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Reincarnating Freud:
Rules, Planets, and Hysteria

By Susana McCollom

Z magazine

Freud is not likely to be a name found on a woman's list of heroes. While he is recognized as the pioneer of psychotherapy, Freud cemented historical labels of women as "hysterical" and "neurotic," and recommended years of psychoanalysis to cure these ailments. And it was Freud who asked "what does a woman want?"

Lucky for Freud that he was around in the 1890s and not today. Women of the 1990s would never tolerate such putdowns, right? Wrong. The Freudian phenomenon is happening again, right under our noses. It is a more subtle version of Freud's gender labeling which leads us back to the same "hysterical" women whose only hope for curing their natural frailties is years of counseling, anti-depressants, or a steady diet of self-help publications.

Freud's contemporary followers have one advantage. The capacity for selling these images of women has skyrocketed as a result of technological innovations and mass media. The subtlety of these images and their messages is continuously overlooked as women's educational, political, and financial strides convince many that gender equality is becoming a reality. Today, the professional heirs of Freud are joined by marketing wizards (including women) in helping self-help book authors and publishers, women's magazines, and pharmaceutical companies to promote and reinforce the notion that women need help. And women are buying it.

Self-Help and the Packaging of Neurosis

"When a man goes into his cave, it is important for a woman to do something enjoyable. Read a book, do some gardening, take a bath, go for a walk, go shopping or call a girl friend for a good chat."

No, this is not a quote from Freud. This advice comes from the contemporary relationship expert, Dr. John Gray, author of Men Are From Mars, Women Are From Venus (1992). Gray asserts that men and women are from different planets, resulting in communication problems which can only be solved by accepting our gender differences. What, exactly, are these differences? Chapter Seven, entitled "Women Are Like Waves," is a prime example. He claims that "a woman's self-esteem rises and falls like a wave. When she hits bottom it is time for an emotional housecleaning."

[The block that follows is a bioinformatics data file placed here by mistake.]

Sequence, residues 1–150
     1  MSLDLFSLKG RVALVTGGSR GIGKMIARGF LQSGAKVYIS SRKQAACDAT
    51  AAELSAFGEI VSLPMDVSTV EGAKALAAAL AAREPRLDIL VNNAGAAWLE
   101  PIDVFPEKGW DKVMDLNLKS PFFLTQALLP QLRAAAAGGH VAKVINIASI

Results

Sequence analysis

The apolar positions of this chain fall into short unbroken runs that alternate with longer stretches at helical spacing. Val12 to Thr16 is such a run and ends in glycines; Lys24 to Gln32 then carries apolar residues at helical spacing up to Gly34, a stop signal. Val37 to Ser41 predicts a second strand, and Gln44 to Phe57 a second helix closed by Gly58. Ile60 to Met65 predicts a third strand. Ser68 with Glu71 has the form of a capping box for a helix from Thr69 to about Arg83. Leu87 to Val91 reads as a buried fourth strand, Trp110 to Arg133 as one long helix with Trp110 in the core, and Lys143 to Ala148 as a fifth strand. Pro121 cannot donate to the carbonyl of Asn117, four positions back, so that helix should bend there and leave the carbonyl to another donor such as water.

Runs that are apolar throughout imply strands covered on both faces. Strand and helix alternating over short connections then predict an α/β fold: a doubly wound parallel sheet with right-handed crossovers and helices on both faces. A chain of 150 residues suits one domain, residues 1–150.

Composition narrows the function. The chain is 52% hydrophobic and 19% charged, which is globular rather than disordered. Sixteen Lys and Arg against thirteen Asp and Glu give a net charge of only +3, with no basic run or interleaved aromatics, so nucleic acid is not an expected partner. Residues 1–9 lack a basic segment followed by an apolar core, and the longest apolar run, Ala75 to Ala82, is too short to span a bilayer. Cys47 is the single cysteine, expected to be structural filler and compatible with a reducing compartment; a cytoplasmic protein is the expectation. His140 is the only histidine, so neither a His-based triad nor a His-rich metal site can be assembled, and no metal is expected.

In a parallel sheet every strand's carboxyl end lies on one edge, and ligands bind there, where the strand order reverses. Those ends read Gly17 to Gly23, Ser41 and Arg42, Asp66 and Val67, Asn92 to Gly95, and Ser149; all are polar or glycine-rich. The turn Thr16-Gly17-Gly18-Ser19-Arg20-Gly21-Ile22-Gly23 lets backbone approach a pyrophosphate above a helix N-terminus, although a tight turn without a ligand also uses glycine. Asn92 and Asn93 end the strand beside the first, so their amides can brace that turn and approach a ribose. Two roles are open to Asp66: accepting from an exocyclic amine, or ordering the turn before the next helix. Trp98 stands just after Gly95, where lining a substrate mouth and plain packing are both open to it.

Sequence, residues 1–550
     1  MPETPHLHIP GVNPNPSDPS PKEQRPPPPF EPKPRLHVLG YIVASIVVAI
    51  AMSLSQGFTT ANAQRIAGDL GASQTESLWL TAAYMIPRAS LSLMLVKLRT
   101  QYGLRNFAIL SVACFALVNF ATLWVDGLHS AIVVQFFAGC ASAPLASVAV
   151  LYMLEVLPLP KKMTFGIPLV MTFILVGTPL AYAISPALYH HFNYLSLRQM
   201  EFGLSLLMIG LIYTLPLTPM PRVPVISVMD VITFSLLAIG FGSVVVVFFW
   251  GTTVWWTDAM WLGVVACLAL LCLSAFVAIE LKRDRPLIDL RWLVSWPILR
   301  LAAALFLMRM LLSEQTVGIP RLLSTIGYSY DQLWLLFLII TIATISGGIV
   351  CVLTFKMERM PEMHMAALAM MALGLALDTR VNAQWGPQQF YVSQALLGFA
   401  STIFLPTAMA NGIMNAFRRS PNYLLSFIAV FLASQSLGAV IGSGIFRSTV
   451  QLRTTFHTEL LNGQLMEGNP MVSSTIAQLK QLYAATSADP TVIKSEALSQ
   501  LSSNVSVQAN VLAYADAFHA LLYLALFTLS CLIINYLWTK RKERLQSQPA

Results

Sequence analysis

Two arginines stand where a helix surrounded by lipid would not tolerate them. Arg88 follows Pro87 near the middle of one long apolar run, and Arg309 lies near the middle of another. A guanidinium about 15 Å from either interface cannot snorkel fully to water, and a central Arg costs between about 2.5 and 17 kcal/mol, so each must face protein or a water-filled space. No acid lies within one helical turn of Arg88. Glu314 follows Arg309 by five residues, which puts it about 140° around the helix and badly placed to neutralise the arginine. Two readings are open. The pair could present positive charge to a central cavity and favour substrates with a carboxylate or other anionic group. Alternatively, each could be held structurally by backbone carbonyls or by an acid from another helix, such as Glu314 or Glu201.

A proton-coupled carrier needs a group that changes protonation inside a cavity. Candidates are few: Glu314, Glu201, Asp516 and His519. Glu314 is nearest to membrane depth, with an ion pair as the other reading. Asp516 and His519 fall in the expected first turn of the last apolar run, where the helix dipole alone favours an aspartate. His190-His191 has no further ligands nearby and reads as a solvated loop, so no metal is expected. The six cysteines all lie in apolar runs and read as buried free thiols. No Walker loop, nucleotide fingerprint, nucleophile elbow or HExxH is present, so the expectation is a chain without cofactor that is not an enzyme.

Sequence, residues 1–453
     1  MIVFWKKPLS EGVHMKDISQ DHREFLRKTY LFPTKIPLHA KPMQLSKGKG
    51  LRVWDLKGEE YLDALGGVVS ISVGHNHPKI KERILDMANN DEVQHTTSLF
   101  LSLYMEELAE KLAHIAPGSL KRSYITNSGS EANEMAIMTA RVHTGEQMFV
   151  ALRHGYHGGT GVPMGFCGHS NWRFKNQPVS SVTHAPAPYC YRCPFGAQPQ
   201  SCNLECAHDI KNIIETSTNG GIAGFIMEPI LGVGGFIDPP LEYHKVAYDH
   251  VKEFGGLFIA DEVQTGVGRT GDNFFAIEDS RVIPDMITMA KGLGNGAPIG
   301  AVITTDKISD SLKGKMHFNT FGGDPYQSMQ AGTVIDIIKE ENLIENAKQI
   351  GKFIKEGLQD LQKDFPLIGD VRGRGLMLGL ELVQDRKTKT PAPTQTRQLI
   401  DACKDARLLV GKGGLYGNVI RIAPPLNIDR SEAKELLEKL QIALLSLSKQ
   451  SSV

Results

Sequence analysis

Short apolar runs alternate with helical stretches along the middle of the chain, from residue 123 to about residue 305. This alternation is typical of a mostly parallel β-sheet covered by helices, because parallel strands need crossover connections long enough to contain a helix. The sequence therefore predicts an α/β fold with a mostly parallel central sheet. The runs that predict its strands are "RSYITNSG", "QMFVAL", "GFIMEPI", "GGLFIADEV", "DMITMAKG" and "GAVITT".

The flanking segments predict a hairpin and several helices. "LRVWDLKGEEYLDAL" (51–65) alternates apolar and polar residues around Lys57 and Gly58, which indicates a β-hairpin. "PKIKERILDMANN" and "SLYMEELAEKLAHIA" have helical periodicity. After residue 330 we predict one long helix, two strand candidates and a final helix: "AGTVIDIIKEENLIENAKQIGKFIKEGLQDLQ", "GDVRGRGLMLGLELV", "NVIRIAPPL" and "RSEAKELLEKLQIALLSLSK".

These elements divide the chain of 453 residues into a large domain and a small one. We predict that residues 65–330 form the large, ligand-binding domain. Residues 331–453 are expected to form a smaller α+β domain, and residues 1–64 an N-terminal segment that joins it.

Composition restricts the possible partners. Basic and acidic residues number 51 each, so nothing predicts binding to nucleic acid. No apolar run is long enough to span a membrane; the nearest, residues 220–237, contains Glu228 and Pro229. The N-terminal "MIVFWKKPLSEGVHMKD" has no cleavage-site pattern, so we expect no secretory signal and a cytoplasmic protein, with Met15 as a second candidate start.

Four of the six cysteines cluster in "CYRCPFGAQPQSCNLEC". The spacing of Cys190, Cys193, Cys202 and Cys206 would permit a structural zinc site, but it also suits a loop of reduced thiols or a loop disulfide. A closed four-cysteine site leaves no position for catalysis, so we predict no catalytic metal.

According to Gray, women exhibit "warning signs" which should alert a man that his spouse or girlfriend is entering her "well." The warning signs vary according to a woman's mood. She may feel insecure, resentful, confused, passive, controlling or demanding. But fortunately for men, there are 101 ways to "score points" with women (as opposed to 26 ways to score points with men). The theme is very straightforward: men must learn to appease women's natural tendency to chatter or cry at the drop of a pin. A man should "compliment her on how she looks," "give her four hugs a day," or "pay more attention to her than to others in public." Women, on the other hand, need to resist the urge to constantly nag their mates. They "score big with men," if "he makes a mistake and she doesn't say I told you so," "if he disappoints her and she doesn't punish him," or if "she really enjoys having sex with him."

Like women in the 1800s, today's women are characterized as neurotic and lacking any sex drive. Yet Gray has undoubtedly mastered the self-help book market. Since it was first published almost four years ago, Men Are From Mars, Women Are From Venus has remained a best seller in the United States. During this time, Gray has published additional versions of his planetary discoveries, further advising men and women on relationship skills both in and out of bed.

However, while Gray's appeal to (mostly) women have deemed him a relationship guru, his advice singles out married and committed couples. For the single, presumably miserable women who have failed in their attempts to capture a husband, help has arrived. In The Rules.-Time-tested Secrets for Capturing the Heart of Mr. Right, Ellen Fein and Sherrie Schneider guide the single woman in search of the man of their dreams--or any man, really. Unlike Gray's book, many women and men alike scoff at The Rules and its "outdated" advice.

What are some of these rules? First, women must "look the part" by wearing lipstick while they jog or by getting a nose job if it means a man will find them more attractive. But equally important is acting the part. Fein and Schneider advise, "Be feminine ... don't be a loud, knee-slapping, hysterically funny girl ... when you're with a man you like, be quiet and mysterious, act ladylike, cross your legs and smile ... You may feel that you won't be able to be yourself, but men will love it."